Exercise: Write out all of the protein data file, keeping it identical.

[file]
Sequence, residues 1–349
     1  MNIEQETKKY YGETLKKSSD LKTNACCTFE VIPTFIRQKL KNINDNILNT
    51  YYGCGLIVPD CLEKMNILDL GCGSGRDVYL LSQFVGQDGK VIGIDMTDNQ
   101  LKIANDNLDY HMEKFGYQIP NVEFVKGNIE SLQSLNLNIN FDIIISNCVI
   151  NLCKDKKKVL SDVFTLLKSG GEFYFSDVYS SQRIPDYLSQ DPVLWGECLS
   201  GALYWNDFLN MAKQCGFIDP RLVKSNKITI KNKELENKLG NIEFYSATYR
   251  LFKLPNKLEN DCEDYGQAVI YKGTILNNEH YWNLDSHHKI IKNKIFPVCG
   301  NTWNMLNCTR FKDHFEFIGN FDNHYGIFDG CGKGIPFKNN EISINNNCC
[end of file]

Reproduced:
Sequence, residues 1–349
     1  MNIEQETKKY YGETLKKSSD LKTNACCTFE VIPTFIRQKL KNINDNILNT
    51  YYGCGLIVPD CLEKMNILDL GCGSGRDVYL LSQFVGQDGK VIGIDMTDNQ
   101  LKIANDNLDY HMEKFGYQIP NVEFVKGNIE SLQSLNLNIN FDIIISNCVI
   151  NLCKDKKKVL SDVFTLLKSG GEFYFSDVYS SQRIPDYLSQ DPVLWGECLS
   201  GALYWNDFLN MAKQCGFIDP RLVKSNKITI KNKELENKLG NIEFYSATYR
   251  LFKLPNKLEN DCEDYGQAVI YKGTILNNEH YWNLDSHHKI IKNKIFPVCG
   301  NTWNMLNCTR FKDHFEFIGN FDNHYGIFDG CGKGIPFKNN EISINNNCC